Akai DR16 Hard Disk Multitrack Recorder (part 4)
It is only when you have made your first recording and you are ready to play back that you will fully appreciate the speed of operation of hard disk systems. Rewind time is as close to zero as makes no difference, no matter how long the recording. And when you start to take advantage of the 100 point integral autolocator, you will be flying around the song as though you had just hitched a ride on a rocket! Your musicians wont be able to keep up with you. Having said that, some engineers regard winding and autolocation time as thinking time, so you are going to have to think more quickly to keep pace with the machine. I have also heard it said that with a tape machine, particularly a reel to reel, when you just want to wind back a bit without going to the bother of setting locate points, you can tell how far it has gone by listening to the swish of the reels - so much so that you dont even think about it consciously. The DR16 doesnt imitate this of course, but there are fast forward and rewind buttons which scroll through the audio at a moderate pace, with an audio cue facility if you hold play while you press the wind key. You may find you dont need to use these buttons once you make the mental adjustment away from tape.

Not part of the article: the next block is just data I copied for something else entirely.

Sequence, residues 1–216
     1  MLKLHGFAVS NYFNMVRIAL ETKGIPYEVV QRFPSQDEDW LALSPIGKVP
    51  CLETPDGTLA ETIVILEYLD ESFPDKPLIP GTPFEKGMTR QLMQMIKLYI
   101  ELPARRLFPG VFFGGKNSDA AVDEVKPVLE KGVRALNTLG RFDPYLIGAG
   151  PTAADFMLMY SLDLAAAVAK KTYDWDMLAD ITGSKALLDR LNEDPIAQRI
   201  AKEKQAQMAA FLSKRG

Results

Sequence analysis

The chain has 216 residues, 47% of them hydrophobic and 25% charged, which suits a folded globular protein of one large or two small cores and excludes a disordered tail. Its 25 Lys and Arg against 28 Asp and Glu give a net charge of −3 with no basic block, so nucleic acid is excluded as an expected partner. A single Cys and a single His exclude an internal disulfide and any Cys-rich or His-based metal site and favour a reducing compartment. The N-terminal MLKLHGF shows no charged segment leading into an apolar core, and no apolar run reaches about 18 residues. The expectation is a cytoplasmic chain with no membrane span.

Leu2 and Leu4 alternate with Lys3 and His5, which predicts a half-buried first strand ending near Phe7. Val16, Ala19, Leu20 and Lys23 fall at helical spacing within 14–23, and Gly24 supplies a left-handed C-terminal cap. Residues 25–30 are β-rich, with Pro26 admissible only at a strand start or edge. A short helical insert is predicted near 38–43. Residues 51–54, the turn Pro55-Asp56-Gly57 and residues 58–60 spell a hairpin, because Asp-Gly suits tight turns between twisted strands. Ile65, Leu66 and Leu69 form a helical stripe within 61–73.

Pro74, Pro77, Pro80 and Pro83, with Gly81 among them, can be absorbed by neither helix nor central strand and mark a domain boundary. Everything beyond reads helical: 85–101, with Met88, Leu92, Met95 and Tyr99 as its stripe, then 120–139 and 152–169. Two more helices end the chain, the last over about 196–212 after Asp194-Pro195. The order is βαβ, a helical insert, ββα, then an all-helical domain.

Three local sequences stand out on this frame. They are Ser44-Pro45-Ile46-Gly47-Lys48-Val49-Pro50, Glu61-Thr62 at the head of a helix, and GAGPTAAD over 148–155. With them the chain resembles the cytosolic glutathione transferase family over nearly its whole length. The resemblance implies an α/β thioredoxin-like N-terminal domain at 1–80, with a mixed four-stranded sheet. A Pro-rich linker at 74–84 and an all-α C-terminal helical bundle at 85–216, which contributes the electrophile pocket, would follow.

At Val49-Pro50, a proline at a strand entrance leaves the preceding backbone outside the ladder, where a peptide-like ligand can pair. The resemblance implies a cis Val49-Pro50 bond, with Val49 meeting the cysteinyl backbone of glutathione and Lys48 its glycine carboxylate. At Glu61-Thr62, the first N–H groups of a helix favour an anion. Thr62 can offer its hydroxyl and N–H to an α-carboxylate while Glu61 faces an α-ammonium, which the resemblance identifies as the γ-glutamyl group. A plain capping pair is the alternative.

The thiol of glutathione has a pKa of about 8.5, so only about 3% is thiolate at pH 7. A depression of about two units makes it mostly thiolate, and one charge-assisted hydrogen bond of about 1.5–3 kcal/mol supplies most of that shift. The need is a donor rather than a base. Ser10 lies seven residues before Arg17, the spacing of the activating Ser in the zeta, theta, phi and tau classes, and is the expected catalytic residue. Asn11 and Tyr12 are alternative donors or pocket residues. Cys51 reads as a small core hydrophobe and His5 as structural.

An automatic punch in facility is provided which is actually useful - compared to some recorders where auto punch is far too complicated to be worth bothering to set up. All you do is perform the punch in manually, in time honoured fashion by holding play and pressing record to punch in, and pressing play to punch out. The DR16 will remember the punch in and out points without you having to do anything, and you can redo the punch as many times as you need simply by selecting Auto Punch before hitting play each time until the singer has hit the right note. Like the DR8, the DR16 also has a take facility where you can easily store up to five versions of a performance and audition them all before committing to the best of the bunch